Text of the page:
The defendant had enrolled some time prior to the commission of the crime in a course of study in Torrence, California. The records of the school show that he did not attend the class sessions January 4 and January 11. It will be remembered that according to Craig the defendant was in or around Junction City on those occasions. When the four men (the defendant, Craig, Castellano, and Reece) came to Eugene January 5, Craig did not stop in Eugene but went on to Harrisburg and visited his wife. According to evidence that did not come from Craig, three raincoats were purchased in a Eugene store January 5. Eugene is about 15 miles south of Junction City. After the crime's commission a raincoat of the exact type that was purchased by the three men was found wrapped around a duffel bag which contained among other items four guns. The bag had been placed in a hiding place near a road and was located for the officers by Craig. It is a reasonable deduction that the defendant was one of the three who purchased the raincoats.

There is other evidence apart from that given by Craig which connects the defendant with the commission of the crime. We do not deem it necessary to set it forth.

5. The second assignment of error also charges that proof is lacking that the property described in the *220 indictment "was taken from the person of" Randall Haugen. ORS 163.280 provides that the taking in the crime of armed robbery must be "from the person assaulted." The defendant argues that the evidence does not show that the money taken in this case was taken from "the person" of Haugen.

State v. McCarthy, 160 Or 196, 83 P2d 801, found no error in an instruction given to the jury in that case which read:

"Robbery is the felonious taking of property from another by force. The personal possession of the property by the party robbed may be actual or constructive. If the property is in his presence and control, though not on his person, it is sufficient. * * *"

We take the following from State v. Deso, 110 Vt 1, 1 A2d 710:

"The requirement of taking from the person as used in the statute is satisfied by a taking from the presence, as at common law. Com. v. Homer, 235 Mass. 526, 127 N.E. 517; Wood v. State, 98 Fla. 703, 124 So. 44; Crawford v. State, 90 Ga. 701, 17 S.E. 628, 35 Am.St. Rep. 242; People v. O'Hara, 332 Ill. 436, 163 N.E. 804; State v. Calhoun, 72 Iowa 432, 34 N.W. 194, 2 Am.St.Rep. 252; People v. Cabassa, 249 Mich. 543, 229 N.W. 442; Turner v. State, 1 Ohio St. 422; Hill v. State, 145 Ala. 58, 40 So. 654. A thing is in the presence of a person in respect to robbery, which is so within his reach, inspection, observation or control, that he could, if not overcome by violence or prevented by fear, retain his possession. Com. v. Homer, supra."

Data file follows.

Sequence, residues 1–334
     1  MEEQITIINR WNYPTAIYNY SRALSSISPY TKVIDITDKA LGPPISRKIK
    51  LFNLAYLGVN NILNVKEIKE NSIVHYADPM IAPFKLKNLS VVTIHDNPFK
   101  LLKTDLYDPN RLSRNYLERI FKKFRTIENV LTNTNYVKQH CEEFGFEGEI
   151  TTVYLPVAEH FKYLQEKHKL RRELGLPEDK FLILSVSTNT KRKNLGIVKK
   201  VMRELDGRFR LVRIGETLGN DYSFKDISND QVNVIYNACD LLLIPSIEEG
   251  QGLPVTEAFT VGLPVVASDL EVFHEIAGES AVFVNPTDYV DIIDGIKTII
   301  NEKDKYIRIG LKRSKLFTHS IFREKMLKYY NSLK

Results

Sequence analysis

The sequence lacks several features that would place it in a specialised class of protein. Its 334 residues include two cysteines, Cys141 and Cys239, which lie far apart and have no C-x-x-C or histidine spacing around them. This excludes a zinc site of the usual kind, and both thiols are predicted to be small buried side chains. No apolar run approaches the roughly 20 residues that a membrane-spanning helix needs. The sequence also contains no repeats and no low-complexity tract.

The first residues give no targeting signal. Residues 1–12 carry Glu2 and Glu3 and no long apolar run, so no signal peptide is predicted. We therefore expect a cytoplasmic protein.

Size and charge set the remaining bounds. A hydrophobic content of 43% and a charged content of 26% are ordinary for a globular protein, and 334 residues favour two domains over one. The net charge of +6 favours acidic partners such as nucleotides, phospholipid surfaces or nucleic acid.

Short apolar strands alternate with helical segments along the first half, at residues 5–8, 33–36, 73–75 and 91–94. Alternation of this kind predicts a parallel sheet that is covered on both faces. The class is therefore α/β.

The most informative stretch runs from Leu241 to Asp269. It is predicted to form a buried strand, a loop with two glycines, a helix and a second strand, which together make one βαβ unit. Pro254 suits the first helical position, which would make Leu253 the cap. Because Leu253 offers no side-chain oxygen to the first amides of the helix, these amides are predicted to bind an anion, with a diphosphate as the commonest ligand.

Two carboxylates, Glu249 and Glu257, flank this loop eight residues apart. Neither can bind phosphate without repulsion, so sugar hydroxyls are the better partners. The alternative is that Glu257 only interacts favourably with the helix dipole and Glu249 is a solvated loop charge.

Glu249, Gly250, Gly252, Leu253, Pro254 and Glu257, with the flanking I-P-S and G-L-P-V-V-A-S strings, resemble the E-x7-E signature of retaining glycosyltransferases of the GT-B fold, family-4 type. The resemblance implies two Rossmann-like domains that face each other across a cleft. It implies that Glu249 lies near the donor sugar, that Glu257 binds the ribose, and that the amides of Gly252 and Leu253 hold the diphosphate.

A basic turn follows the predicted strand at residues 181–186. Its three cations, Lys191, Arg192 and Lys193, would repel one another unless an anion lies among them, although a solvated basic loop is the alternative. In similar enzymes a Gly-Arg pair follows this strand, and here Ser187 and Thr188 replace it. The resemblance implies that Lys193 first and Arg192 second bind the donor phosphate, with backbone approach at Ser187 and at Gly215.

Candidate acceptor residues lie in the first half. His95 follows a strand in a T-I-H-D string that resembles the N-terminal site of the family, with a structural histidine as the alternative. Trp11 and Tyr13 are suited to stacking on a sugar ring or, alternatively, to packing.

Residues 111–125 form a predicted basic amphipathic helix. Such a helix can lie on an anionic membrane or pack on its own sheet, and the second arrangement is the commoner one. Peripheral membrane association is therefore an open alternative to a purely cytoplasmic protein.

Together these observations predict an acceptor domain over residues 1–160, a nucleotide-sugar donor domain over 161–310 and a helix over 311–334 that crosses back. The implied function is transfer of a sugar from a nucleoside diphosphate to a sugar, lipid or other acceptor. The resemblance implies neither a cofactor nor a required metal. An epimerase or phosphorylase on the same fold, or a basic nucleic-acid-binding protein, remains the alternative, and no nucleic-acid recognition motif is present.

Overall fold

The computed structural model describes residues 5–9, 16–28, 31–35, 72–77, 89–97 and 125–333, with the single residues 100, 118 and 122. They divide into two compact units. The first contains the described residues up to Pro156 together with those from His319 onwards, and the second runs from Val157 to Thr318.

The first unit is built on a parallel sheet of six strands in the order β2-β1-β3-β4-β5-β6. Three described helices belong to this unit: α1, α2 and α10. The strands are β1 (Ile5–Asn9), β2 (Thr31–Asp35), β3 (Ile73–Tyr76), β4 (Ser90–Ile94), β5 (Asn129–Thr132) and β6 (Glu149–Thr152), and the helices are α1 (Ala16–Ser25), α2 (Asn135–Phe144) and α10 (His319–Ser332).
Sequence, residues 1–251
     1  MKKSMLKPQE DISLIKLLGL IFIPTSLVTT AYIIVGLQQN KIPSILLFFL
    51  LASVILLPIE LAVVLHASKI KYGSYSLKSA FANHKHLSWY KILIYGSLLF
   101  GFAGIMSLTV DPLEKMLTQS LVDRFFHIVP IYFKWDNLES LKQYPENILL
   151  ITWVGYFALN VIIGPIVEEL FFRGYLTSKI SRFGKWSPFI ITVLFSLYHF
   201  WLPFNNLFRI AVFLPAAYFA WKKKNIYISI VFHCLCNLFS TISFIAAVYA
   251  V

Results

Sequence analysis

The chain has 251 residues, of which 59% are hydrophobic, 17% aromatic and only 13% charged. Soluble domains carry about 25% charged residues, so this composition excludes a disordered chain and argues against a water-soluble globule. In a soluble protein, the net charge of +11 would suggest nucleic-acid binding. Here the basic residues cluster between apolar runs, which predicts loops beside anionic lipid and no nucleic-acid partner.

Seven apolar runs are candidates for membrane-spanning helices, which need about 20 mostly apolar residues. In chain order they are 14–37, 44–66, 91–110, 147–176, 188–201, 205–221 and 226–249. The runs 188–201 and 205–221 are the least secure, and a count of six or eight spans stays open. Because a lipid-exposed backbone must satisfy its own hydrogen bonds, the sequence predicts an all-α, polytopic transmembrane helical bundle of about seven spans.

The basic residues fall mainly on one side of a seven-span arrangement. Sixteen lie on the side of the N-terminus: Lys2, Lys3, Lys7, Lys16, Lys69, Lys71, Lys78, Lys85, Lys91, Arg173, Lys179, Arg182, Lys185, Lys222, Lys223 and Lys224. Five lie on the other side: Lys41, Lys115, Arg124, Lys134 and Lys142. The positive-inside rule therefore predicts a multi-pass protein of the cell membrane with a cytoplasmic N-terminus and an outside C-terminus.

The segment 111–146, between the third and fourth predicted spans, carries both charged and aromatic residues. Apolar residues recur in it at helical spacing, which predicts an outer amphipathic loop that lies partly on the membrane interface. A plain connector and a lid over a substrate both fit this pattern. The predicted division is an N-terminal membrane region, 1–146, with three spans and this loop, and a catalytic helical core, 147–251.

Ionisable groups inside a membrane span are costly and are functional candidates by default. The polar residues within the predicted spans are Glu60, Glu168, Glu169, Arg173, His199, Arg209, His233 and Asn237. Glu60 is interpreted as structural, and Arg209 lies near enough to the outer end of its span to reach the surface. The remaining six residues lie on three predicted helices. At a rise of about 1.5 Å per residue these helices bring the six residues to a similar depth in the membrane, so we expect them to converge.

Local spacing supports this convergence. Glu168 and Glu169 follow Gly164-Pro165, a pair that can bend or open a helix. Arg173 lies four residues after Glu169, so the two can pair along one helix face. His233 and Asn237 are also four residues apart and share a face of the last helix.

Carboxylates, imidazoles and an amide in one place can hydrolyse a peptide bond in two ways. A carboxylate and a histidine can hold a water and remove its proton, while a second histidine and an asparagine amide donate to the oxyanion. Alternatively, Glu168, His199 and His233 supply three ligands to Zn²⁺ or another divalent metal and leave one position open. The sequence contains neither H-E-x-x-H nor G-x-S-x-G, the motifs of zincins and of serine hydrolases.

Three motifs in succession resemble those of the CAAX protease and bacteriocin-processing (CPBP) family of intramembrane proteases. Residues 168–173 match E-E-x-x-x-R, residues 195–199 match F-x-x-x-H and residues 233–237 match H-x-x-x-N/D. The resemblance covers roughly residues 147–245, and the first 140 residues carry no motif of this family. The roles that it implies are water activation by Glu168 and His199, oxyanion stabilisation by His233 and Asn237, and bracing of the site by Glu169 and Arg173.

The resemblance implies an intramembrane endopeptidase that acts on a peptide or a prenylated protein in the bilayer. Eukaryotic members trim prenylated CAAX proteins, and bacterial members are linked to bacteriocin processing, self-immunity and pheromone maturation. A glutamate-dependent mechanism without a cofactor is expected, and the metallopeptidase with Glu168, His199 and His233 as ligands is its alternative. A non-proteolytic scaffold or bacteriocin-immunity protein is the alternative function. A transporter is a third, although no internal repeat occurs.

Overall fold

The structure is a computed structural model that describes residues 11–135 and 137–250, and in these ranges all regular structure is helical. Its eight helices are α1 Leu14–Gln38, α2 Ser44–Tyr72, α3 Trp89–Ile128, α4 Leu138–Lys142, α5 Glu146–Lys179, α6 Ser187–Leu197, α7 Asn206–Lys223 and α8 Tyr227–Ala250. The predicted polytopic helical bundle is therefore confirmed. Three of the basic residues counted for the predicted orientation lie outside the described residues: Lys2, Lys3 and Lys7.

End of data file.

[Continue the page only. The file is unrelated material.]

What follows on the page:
State v. Butler, 27 NJ 560, 143 A2d 530, states:

"* * * The phrase `from the person * * * of another' has been broadly construed to include the taking of personalty from the custody of, or from the constructive possession of, or which is subject *221 to the protection of, another. State v. Grillo, 11 N.J. 173, 187, 93 A.2d 328 (1952); State v. Lyons, 70 N.J.L. 635, 645, 58 A. 398 (E. & A. 1904); People v. Kubish, 357 Ill. 531, 192 N.E. 543, 545 (Sup. Ct. 1934); People v. O'Hara, 332 Ill. 436, 163 N.E. 804 (Sup. Ct. 1928); O'Donnell v. People, 224 Ill. 218, 79 N.E. 639 (Sup. Ct. 1906); State v. Adams, 58 Kan. 365, 49 P 81 (Sup. Ct. 1897); State v. Craft, 299 Mo. 332, 253 S.W. 224, 227 (Sup. Ct. 1923); State v. Lamb, 242 Mo. 398, 146 S.W. 1169 (Sup. Ct. 1912); 77 C.J.S. Robbery, § 9. * * *"

Barfield v. Texas, 137 Tex Cr Rep 256, 129 SW2d 310, 123 ALR 1093, declares:

"* * * It clearly appears from the record that Jewett was employed by Harry Hurst and Jim Welsh, the managers of the Huston Labor Temple, as a porter and night watchman. His duties began at 7 p.m. and ended at 7 a.m., during which time he was in charge of the building and had the care, custody and control over it and its contents."

The court sustained the conviction of three individuals who entered the structure and stole the contents of its safe. It was held that the stolen property was taken from the person of Jewett. In so holding, the court said:

"* * * it was his duty to protect the property therein from theft and the like. He was more than a mere caretaker and porter whose only duty was to clean up. He was placed in actual control and possession of the building and its contents."